Attyuttam Saha January 2017

why does if(++x=++y) works and if(x++=++y) does not work?

when i am executing this program:

#include<iostream>
using namespace std;
int main(){
    int x=5,y=9;

    if(++x=y++){
        cout<<"Works "<<x;
    }
    else{
        cout<<"No";
    }
    return 0;
}

it works fine and the output is: Works 9

but if i execute:

  #include<iostream>
using namespace std;
int main(){
    int x=5,y=9;

    if(x++=y++){
        cout<<"Works "<<x;
    }
    else{
        cout<<"No";
    }
    return 0;
}

it states: In function 'int main()': 6:11: error: lvalue required as left operand of assignment if(x++=y++){

Answers


BoBTFish January 2017

Because x++ isn't an lvalue.

More specifically, x++ increments x, then returns a temporary with the original value of x. A temporary object can't (casts of dubious legality aside) be used on the left hand side of an assignment, so it is not an lvalue.

++x increments x and returns a reference to x (with its new value). You can then assign directly to it if you choose, so it is an lvalue.

However, it is possible you actually meant to compare the two expressions for equality, rather than do an assignment. In which case, you need to use == rather than =.


Victor Tran January 2017

x++ returns x, and then increments x. On the other hand, ++x increments x, and then returns it.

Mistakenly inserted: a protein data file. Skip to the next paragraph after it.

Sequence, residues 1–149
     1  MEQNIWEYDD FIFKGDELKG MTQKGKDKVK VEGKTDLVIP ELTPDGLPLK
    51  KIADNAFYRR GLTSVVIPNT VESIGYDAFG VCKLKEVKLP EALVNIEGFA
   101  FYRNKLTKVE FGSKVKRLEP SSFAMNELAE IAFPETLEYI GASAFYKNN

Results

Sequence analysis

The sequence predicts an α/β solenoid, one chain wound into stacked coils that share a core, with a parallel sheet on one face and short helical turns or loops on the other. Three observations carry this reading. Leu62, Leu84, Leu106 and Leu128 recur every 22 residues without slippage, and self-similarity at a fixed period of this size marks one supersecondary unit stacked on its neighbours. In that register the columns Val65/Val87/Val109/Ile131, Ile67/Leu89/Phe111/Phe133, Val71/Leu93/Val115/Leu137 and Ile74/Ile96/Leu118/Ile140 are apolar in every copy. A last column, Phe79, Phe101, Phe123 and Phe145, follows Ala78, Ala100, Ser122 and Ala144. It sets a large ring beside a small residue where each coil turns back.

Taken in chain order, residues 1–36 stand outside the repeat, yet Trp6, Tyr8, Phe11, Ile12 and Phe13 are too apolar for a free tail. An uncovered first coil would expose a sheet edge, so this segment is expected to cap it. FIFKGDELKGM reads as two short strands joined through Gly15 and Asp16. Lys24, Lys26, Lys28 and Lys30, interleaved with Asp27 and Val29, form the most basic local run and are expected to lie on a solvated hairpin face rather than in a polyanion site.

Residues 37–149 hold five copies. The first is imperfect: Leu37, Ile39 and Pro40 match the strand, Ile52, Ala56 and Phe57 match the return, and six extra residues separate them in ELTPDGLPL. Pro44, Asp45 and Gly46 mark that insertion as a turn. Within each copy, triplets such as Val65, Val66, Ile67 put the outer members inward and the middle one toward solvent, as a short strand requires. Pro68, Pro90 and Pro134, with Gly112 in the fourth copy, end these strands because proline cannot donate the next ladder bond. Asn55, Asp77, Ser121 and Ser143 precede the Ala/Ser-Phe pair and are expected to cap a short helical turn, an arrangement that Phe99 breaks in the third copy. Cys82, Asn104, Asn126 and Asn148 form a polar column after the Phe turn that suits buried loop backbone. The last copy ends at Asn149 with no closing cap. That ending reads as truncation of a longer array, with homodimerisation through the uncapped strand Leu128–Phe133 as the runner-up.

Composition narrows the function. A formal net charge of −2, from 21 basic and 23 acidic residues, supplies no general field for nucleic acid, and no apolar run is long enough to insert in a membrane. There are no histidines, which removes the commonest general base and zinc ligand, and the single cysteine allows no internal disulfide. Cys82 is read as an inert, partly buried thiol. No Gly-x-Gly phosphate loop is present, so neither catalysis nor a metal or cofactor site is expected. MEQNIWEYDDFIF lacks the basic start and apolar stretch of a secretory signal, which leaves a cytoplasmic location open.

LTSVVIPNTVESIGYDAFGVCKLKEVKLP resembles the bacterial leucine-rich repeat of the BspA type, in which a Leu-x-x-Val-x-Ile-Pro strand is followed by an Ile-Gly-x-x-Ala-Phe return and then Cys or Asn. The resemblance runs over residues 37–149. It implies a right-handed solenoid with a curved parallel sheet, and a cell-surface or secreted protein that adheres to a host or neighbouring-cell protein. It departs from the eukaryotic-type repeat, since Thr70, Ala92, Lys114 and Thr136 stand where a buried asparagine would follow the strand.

The second case makes sense; x is being returned, and you can do whatever. The first case makes no sense at all; x++ isn't a value. In fact, once you get back the value, x is no longer that value.


Joachim Pileborg January 2017

You have to remember that the suffix increment operator returns the old value, before the increment.

This value is a very temporary value, and as all other temporary values it is not an "lvalue", i.e. it is not something that can be assigned to.

The prefix increment operator does its increment operation, and then return a reference to the new value. For ++x it returns a reference to x. It is an "lvalue".

The same of course goes for the decrement (--) operator.

There are many sources all over the Internet that will help you understand the difference between "lvalues" and "rvalues" (temporaries).


salhernandez January 2017

This happens because in the second code snippet you are assigning a value, and not comparing them.

A = B  //assigns value B to A
A == B //compares values A and B

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